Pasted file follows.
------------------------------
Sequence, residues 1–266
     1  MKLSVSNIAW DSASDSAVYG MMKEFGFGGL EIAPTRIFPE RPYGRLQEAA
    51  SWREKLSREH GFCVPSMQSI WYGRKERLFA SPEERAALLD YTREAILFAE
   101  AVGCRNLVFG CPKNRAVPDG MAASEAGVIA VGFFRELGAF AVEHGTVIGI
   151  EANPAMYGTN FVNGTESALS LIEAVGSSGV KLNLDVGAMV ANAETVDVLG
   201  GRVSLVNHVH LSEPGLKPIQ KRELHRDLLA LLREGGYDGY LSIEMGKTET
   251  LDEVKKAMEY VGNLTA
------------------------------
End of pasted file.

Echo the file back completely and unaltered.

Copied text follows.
Sequence, residues 1–266
     1  MKLSVSNIAW DSASDSAVYG MMKEFGFGGL EIAPTRIFPE RPYGRLQEAA
    51  SWREKLSREH GFCVPSMQSI WYGRKERLFA SPEERAALLD YTREAILFAE
   101  AVGCRNLVFG CPKNRAVPDG MAASEAGVIA VGFFRELGAF AVEHGTVIGI
   151  EANPAMYGTN FVNGTESALS LIEAVGSSGV KLNLDVGAMV ANAETVDVLG
   201  GRVSLVNHVH LSEPGLKPIQ KRELHRDLLA LLREGGYDGY LSIEMGKTET
   251  LDEVKKAMEY VGNLTA